My first nightshift was fairly busy. I didnt' work nights as a student, so this was my opportunity to see if I could transition and stay up all night. At first it was fairly steady, if not slow. Around 0200 patients that were on hold were finally settling down for the night, and we didn't' have many in the waiting room.
Suddenly, the ambulance phone rings. My preceptor picks it up. It is dispatch, warning us that we were getting a 26 yo male VSA. As she is announcing this, my adrenaline pumps through my body. "This is what I have been waiting for", I think to myself. I have spent 8 years as an advanced first aid volunteer, I teach CPR, yet I have only done it once. This is my first experience with a code in the hospital. I try not to look too excited, as the story could change and as far as we know the patient is fine. However, there is a definite spike in energy in the staff, and it is decided that my preceptor and another nurse would be in the room, and the 3rd nurse will do triage and also take care of the rest of the patients. Being a small-town hospital, when we get a code in the ER at night, staff from the other floors are called down to help.
We wait in anticipation to get confirmation of the code. 5 minutes later, dispatch calls again. Confirmed, 26 yo male VSA, 2 minutes out. My preceptor gets on the phone and calls the code, and we prepare by getting on gowns and masks. Time inches by, it seems. It look longer then we expected... apparently the guy is not doing well at all, and the medics were going to try to get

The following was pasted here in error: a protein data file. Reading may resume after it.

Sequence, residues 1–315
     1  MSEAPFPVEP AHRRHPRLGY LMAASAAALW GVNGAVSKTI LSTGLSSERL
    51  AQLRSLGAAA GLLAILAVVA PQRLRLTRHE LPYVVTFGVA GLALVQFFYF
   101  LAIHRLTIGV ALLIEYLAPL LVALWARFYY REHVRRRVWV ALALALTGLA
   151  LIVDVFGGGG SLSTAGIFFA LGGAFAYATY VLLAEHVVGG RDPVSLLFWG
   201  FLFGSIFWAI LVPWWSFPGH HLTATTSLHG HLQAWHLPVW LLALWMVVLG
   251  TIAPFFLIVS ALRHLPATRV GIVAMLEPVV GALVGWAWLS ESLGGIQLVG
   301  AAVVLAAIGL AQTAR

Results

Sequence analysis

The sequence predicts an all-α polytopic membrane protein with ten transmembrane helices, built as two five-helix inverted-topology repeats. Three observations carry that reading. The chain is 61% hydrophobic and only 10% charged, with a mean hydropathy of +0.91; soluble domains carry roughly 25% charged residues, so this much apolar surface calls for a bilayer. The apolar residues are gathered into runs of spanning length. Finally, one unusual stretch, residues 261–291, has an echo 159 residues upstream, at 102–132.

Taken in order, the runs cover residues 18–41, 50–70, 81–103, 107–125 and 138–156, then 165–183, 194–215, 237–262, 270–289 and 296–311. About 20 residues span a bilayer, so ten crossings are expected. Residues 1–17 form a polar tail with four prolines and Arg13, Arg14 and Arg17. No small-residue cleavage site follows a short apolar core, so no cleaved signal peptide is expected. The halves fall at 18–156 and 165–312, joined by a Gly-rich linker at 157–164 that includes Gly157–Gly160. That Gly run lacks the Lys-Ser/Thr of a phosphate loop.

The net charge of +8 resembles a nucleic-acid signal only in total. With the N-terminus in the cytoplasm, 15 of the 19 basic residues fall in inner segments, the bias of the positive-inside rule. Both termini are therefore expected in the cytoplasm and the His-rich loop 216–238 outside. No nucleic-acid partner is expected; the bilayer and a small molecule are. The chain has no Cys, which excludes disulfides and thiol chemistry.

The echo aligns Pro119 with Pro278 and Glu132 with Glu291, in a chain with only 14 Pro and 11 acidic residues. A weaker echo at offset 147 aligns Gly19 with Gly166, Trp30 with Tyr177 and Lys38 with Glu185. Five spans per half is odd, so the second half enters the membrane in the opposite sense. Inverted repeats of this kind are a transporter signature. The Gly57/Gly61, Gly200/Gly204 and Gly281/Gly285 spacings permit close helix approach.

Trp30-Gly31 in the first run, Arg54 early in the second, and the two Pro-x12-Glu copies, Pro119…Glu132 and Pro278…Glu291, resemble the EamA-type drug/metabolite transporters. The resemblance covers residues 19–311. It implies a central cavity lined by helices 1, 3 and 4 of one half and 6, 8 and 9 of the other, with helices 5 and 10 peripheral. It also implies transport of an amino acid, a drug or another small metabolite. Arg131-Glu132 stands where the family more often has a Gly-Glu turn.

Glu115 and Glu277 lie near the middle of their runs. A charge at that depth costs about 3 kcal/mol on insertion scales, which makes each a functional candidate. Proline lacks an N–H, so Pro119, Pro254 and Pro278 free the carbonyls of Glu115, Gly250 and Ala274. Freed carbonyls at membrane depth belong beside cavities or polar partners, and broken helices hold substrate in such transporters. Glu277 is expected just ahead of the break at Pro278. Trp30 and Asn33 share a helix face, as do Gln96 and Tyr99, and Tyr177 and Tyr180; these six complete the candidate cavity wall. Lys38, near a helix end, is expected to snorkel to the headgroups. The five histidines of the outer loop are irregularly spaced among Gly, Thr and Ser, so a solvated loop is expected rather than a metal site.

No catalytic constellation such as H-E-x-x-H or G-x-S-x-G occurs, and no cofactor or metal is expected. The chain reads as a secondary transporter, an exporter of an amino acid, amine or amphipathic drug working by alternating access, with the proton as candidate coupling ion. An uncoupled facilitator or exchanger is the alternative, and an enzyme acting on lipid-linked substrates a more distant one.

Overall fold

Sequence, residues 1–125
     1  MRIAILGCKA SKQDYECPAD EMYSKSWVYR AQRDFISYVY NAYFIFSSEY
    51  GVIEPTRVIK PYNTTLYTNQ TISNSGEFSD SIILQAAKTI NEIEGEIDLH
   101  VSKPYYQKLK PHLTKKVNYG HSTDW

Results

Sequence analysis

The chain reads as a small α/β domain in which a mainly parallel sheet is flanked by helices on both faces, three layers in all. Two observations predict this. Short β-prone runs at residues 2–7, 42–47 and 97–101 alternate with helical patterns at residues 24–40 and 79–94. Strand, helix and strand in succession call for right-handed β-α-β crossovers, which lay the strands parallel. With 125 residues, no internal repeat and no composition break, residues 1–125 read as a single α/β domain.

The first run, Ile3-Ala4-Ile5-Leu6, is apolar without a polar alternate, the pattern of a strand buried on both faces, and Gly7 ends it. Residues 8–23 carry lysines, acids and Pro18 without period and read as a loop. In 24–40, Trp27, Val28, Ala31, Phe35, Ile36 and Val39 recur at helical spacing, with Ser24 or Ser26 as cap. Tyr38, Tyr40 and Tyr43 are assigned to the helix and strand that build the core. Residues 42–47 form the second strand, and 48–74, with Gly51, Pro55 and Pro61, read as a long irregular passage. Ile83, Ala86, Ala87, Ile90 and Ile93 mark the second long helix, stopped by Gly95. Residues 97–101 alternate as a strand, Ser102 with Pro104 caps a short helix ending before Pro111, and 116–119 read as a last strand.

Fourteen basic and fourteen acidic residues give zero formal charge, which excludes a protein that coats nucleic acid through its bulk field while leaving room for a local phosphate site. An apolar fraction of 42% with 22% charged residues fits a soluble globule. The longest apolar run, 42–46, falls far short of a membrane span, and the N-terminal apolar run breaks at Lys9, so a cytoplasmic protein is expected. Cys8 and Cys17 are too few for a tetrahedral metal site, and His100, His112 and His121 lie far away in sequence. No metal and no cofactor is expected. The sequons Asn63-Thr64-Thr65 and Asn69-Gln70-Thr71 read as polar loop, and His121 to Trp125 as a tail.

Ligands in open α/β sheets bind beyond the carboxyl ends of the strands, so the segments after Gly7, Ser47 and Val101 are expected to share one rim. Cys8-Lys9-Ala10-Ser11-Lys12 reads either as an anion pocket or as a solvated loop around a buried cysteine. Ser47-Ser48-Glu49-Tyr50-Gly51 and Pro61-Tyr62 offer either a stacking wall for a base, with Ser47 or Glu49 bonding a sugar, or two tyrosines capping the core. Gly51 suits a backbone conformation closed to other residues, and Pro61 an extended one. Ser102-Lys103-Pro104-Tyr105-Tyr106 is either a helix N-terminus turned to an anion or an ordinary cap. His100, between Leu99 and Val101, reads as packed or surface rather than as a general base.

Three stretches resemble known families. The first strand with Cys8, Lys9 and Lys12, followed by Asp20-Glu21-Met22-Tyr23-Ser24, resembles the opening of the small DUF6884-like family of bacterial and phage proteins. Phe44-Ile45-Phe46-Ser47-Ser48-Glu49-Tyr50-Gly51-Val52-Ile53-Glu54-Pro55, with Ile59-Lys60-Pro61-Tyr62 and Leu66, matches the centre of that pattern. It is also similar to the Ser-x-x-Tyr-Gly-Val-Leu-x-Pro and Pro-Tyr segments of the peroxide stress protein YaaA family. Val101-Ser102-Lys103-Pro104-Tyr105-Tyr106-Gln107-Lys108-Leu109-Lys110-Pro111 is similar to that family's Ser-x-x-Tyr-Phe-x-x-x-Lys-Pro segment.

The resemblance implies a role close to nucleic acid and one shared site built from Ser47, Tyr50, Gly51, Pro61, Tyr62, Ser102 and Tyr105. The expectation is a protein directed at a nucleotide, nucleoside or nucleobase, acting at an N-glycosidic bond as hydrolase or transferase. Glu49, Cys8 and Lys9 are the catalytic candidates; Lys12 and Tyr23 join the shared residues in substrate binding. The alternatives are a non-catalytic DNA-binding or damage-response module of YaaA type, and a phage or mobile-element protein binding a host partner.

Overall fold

him called on the scene. We waited, and we waited. 20 min later the ambulance calls, base hospital doesn't want to call it because of how young he is. He is on route.
Finally the ambulance arrives. The patient is pretty blue, and by that time the medics have been working on him for over 40 minutes. There was minimal chance we were going to get him back. I wasn't expecting to do much, but I got to do compressions, along with another nurse. My preceptor and an ICU did the medication pushes, and the Doc gave the breaths and watched the monitor. We didnt have much hope for him to return, and unfortunately, he did not make it.
This really made me think because apparently this gentleman played sports earlier, felt unwell and went to lie down. His fiance went to check on him and found him unresponsive. What caused his death? As of right now, no idea. There was no signs of trauma, and from the story it didn't sound like a drug overdose. He was the same age as me.
More and more 20-somethings are getting heart attacks, or other cardiac related symptoms. The nurses in emerg were saying how they are seeing more and more young people dying of cardiac related causes. This man had no history of heart problems, and yet he too passed.
Recently I have known that there have been some other 20-something related VSA's that some of my pre-hospital first response colleagues have responded to. It makes you really think about taking care of yourself, and cherishing the moment you have with loved ones.. you never know what can happen.